A commercial SO3 feed is preferred which is free of impurities, such as H2 SO4, which can cause deleterious side reactions and is anhydrous. From about 5 to about 30, more preferably from about 7 to about 20, and most preferably from about 8 to about 15 lbs SO3 can be fed to the sulfonation reactor per 100 lbs crude oil.
The SO3 can be diluted with liquid or gaseous low molecular weight aliphatics, SO2, air, nitrogen or other inert gases with a ratio of diluent to SO3 of about 0 to about 10, more preferably from about 1 to about 6, and most preferably from about 2 to about 4 moles/mole.
A reaction solvent, such as ethylene dichloride, trichloroethylene, nitrobenzene, nitropropane and like substantially inert polar solvents can be introduced into the reactor to dissolve the sulfonic acids in the unreacted hydrocarbons. Heavy viscous crudes often require a solvent while less viscous crudes can be sulfonated with or without such a solvent. Where necessary, solvent concentrations are typically from about 0 to about 20 lbs, preferably from about 1 to about 10 lbs, and more preferably from about 3 to about 8 lbs solvent per lb SO3.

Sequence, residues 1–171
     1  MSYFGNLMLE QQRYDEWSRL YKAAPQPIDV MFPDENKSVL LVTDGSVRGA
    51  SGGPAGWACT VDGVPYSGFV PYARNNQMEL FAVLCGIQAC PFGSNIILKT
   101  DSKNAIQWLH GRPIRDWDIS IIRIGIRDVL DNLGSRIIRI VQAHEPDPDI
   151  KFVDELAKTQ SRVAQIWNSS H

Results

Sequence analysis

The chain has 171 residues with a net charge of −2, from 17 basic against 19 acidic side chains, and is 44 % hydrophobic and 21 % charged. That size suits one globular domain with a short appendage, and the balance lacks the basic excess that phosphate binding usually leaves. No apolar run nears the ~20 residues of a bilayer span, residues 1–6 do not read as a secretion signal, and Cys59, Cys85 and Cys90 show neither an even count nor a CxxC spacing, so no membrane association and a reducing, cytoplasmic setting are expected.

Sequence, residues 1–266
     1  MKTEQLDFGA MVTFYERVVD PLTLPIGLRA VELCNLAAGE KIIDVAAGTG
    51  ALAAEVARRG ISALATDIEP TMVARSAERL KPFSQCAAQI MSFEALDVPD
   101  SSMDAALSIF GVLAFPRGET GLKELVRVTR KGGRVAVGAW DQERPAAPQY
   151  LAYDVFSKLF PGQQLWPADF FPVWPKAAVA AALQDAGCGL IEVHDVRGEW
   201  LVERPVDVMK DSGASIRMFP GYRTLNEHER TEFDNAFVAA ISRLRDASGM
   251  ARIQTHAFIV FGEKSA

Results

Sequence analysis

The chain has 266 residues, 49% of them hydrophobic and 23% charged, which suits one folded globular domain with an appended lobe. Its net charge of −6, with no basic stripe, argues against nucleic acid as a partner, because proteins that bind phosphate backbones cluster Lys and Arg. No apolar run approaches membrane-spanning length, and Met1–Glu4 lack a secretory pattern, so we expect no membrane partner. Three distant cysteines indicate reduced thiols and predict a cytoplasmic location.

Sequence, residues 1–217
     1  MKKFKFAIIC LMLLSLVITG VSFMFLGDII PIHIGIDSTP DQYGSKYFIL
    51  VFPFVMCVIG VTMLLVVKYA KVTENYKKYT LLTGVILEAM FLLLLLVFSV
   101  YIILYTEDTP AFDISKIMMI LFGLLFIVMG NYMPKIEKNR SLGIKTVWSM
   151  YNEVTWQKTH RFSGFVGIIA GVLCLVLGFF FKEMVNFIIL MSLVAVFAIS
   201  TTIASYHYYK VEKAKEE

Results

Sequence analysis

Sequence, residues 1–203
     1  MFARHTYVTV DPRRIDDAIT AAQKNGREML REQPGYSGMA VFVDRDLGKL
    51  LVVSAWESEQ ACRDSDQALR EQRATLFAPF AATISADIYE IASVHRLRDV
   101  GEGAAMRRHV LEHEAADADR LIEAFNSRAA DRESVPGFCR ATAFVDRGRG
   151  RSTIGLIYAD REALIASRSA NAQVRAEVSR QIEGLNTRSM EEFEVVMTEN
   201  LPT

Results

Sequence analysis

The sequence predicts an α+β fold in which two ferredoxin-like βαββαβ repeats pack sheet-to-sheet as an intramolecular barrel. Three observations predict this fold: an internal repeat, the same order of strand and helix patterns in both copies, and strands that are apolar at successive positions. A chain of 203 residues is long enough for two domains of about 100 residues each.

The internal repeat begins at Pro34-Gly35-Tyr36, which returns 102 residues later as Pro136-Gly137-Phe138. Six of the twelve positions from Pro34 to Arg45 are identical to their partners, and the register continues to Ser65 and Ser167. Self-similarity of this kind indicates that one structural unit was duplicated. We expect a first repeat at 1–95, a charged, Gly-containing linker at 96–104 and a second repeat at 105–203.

The preferred SO3 diluent is a recycle of the light ends from reactor 12 obtained by a 1-stage flash and containing a mixture of SO2 and light hydrocarbons.
Reactor conditions are not narrowly critical. The temperatures will normally be in the range of from about 80 to about 250, more preferably from about 100 to about 200, and most preferably from about 130° to 180° F. Pressures will range from about 0.01 to about 150, more preferably from about 0.15 to about 75, and most preferably from about 0.2 to about 5 atmospheres. Reaction times will be from 0.001 to 3600, more preferably 0.01 to 360, and most preferably 0.02 to 60 seconds.
The reaction products are fractionated as desired. Preferably, any reaction solvent will then first be removed, e.g., by steam stripping, and the remaining products treated with an extraction solvent to free the sulfonic acids from any unreacted hydrocarbon. Examples of the extraction solvent include water, the low molecular weight aliphatic of halogenated alcohols, ketones, ethers and the more polar hydrocarbons, such as benzene and toluene.